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Learning by Breaking - A LayerZero Case Study - Part One

Updated: Mar 1

Cross-chain messaging has always fascinated us at Trust Security, so we've jumped on the opportunity when LayerZero announced their crazy $15M bounty program last year. Through this three-part adventure, we'll look into the anatomy of the LZ architecture, study how it safeguards key security properties, and finally some ways we've found to break them. As usual, we'll also provide a completely transparent review of the project's approach to white-hat disclosures.


 


Intro


LayerZero needs no introduction, it's by far the most popular and commonly integrated cross-chain messaging primitive and casually hosts a $15M bounty program since May 2023 on Immunefi. Its baby project is Stargate, developed by the same team, and as we'll see, coupled in many sneaky ways to its parent. SG leverages LZ messaging to manage liquidity pools across the "multichain".



Properties


The main responsibility of cross-chain messaging is simple - it just needs to pick up a send() call on the source chain and drop off a receive() call on the dest chain. That's usually enough to build full-fledged cross-chain applications for different use cases. Intuitively we can come up with a bunch of properties that have to hold:

  • A valid message must be deliverable to the destination

  • A message should not be delivered more than once

  • A message that was never sent should not be receivable.


Since our scope is the EVM ecosystem, gas is a thing, therefore there's also:

  • The amount of gas paid for in the send() TX must be provided in the receive() TX

  • Unused gas should be refunded to a specified address


Since blockchains are devoid of meaning without consensus, let's mention:

  • A deliverable message is one that received sufficient confirmations by the accepted channel oracle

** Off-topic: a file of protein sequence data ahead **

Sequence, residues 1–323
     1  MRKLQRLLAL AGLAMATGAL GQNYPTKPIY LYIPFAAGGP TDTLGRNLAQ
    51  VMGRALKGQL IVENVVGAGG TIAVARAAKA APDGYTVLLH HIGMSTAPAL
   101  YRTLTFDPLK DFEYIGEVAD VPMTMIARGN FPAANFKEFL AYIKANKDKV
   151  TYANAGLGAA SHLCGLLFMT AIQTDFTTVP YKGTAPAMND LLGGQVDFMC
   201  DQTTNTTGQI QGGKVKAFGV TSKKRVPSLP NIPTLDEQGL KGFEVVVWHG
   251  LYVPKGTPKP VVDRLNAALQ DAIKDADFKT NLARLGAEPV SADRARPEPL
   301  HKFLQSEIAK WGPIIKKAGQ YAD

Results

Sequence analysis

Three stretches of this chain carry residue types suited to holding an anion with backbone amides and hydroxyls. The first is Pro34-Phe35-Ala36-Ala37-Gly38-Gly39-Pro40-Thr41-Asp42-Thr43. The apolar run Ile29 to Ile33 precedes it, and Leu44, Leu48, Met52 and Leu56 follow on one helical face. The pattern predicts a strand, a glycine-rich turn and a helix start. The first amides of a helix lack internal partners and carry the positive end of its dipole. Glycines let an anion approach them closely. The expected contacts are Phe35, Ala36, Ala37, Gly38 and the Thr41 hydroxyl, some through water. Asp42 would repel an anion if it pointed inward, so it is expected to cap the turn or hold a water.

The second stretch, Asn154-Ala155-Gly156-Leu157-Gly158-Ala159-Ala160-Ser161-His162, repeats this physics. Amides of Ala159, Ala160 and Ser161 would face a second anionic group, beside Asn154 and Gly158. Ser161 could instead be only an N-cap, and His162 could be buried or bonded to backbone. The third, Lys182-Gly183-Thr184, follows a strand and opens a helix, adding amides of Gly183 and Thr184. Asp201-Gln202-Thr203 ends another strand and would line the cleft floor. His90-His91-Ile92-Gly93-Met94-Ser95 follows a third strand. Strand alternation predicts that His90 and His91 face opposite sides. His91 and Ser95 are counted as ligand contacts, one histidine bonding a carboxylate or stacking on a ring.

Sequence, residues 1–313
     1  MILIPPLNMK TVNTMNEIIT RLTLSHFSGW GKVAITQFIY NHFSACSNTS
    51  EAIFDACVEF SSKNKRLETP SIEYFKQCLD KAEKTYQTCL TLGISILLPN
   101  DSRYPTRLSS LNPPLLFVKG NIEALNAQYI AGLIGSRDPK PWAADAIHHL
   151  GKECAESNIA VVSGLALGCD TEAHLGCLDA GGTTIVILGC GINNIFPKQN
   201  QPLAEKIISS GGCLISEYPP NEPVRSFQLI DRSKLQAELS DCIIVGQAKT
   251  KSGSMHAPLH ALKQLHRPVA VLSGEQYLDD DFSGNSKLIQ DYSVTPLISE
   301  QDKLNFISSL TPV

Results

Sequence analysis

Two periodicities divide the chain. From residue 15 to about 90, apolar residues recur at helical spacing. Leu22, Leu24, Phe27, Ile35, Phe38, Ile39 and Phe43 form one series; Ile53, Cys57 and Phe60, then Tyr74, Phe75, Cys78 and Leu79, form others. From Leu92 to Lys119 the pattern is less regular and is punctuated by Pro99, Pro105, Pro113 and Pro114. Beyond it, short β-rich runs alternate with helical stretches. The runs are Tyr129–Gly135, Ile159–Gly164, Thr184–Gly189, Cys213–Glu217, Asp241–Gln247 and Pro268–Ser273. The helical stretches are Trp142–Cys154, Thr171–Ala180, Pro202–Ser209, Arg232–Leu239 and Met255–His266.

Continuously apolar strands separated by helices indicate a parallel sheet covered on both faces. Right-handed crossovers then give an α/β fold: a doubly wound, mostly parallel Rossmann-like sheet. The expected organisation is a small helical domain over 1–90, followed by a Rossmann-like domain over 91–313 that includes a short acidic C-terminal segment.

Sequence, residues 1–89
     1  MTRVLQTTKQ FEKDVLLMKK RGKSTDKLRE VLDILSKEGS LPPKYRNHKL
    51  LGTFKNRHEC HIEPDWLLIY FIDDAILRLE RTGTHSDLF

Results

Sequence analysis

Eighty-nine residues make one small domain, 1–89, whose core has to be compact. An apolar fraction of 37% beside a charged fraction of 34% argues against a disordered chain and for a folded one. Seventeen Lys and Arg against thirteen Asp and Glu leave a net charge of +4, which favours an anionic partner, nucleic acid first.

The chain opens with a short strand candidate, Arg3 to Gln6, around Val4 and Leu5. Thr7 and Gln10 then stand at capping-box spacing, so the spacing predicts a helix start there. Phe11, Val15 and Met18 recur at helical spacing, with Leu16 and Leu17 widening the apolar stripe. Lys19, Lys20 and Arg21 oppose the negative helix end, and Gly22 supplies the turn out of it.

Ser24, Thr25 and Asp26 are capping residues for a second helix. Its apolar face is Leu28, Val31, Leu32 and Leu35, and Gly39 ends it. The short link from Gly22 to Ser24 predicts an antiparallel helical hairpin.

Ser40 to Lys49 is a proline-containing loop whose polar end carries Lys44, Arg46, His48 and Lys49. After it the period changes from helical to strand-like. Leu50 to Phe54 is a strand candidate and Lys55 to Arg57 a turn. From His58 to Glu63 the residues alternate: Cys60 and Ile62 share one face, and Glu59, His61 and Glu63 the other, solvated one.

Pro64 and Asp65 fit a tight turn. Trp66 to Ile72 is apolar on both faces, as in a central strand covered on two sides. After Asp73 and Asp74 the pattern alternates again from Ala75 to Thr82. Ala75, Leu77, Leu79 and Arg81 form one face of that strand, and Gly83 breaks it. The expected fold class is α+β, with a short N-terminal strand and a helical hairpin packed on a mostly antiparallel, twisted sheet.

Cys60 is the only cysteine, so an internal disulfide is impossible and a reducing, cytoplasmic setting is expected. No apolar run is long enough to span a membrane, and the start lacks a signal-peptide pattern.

• A message that hasn't received the threshold confirmation count should not be deliverable.


Additionally, LZ has been designed with message sequencing ON by default. The docs state every message is assigned an increasing nonce, which is unique to a (src address, src chain, dst chain) tuple. On delivery, the incoming message nonce must match ++nonce. In non-technical words:

  • Messages cannot arrive out-of-order in messaging channels.


The LZ integration library allows developers to easily convert the "blocking" channel behavior to non-blocking, as we'll see later.


Anatomy


Readers are referred to the docs and source code while we review mostly the key interface and implementation details.


The point of contact for clients integrating with LZ is the Endpoint contract. However it contains almost no logic and defers complexity to the messaging library. It only validates ordering, makes the receive() call, and allows clients to configure some messaging properties.


ULN (UltraLightNode) is what LZ calls the messaging library. On the outbound path, it notifies the client's chosen Relayer and Oracle for the request (also charges their fee). On the inbound path, it receives the delivery request from a Relayer, verifies consensus with the Oracle and Proof modules, and forwards it to the Endpoint if everything checks out.


The Relayer and Oracle are the off-chain duo responsible for liveness and consensus respectively. The LZ dedicated network updates the ULN with trusted Merkle roots for incoming transactions with updateHash(). Relayer performs delivery through validateTransactionProof() entry point. Both are by default supplied by LZ while clients can specify their own delivery addresses.


Here's a brief call stack for send():


  • Application code

    • Endpoint.send()

      • ULNv2.send()

        • ULNv2.handleRelayer()

          • Relayer.assignJob()